Facebook actually hides ‘dummy’ DOM nodes between the ‘Sponsored’ text. These values are entirely random characters, with a random number of DOM nodes between them. Invisible characters. At this point our CSS ad blocker is completely broken. There is no way for us to possibly code every possible value in CSS.
We’ve covered this before when Mike Pan noted it. Looks like it’s evolved a bit since then, getting even a little tricker.
I just opened my Facebook and selected “Copy Outer HTML” on the word “Sponsored”:
I guess we shouldn’t be terribly surprised at Facebook being user-hostile. I can imagine a workplace environment where fighting against ad blockers is turned into this fun kinda cat-and-mouse technological tennis match. But what they are fighting against is people wanting to exert a little control over what they allow into their eyes, ears, and brains.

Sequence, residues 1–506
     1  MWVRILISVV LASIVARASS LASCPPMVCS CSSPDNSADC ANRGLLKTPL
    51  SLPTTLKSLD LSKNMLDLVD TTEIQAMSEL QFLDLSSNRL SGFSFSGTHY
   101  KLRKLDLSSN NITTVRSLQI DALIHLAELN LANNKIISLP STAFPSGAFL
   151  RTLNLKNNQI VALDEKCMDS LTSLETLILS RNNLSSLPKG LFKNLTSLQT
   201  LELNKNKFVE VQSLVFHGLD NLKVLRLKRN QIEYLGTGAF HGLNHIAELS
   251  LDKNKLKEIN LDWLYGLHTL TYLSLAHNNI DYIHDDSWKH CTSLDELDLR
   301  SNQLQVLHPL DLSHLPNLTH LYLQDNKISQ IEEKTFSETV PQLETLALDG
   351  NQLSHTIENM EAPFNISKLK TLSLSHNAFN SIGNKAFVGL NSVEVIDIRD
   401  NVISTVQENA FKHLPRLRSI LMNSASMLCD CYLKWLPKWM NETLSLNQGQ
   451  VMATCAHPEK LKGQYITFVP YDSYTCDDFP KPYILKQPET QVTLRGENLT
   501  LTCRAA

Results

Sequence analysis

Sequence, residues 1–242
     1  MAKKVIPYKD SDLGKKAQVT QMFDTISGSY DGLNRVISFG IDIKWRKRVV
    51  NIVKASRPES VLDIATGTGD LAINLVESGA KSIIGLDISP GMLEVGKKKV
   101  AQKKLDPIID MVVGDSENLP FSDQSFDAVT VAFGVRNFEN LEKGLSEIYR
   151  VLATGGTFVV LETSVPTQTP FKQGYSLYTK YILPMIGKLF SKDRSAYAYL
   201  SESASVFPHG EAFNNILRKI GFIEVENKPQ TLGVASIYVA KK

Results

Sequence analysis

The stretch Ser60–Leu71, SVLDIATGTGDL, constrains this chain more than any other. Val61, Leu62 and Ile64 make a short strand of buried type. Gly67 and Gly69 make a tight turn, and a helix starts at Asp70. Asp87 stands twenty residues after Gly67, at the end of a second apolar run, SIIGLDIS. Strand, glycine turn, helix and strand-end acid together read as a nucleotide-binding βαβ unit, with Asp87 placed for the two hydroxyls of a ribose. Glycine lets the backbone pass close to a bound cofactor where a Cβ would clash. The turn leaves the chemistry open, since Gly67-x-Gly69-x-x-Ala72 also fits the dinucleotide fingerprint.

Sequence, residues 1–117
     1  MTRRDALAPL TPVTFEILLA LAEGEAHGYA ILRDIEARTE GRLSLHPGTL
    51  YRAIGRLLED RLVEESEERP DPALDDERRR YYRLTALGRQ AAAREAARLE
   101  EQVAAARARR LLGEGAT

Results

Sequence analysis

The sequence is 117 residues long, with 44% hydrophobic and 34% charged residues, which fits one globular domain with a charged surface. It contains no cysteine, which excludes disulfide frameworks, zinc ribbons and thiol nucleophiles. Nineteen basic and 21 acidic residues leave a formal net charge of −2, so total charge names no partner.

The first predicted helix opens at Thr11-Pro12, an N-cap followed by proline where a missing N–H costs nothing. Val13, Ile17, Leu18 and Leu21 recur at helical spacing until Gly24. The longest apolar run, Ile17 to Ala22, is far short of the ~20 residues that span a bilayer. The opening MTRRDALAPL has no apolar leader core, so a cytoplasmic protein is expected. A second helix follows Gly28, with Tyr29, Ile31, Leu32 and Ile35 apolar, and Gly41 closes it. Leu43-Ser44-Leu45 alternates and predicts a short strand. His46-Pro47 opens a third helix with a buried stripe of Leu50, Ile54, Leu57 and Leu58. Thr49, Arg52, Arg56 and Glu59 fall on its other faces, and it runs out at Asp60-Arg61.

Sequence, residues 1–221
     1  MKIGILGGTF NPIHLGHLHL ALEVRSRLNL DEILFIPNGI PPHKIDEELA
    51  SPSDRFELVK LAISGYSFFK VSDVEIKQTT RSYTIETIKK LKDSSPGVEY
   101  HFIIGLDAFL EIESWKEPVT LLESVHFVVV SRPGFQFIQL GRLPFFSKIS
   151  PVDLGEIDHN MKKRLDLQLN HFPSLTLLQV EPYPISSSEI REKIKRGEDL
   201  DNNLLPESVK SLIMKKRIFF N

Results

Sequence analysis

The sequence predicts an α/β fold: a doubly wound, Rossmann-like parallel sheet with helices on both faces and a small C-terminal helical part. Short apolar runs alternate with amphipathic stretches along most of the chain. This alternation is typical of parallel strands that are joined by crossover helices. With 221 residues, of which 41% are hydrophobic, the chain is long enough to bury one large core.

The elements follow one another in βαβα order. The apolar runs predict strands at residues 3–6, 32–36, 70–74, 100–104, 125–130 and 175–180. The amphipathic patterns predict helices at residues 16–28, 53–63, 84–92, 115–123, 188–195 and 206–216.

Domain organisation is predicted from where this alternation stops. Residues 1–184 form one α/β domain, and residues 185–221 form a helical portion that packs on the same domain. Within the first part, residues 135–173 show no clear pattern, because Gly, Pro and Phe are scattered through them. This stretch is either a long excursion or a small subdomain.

It’s worth noting that nothing else in the DOM helps identify a post as an ad. So in that sense it’s just like how Google has evolved SERPs in how ads look just like organic results aside from a tiny “AD” before the URL.
We run sponsored posts here on CSS-Tricks too, so please feel free to hold our feet to the fire of accountability if you feel sponsored posts aren’t clear enough.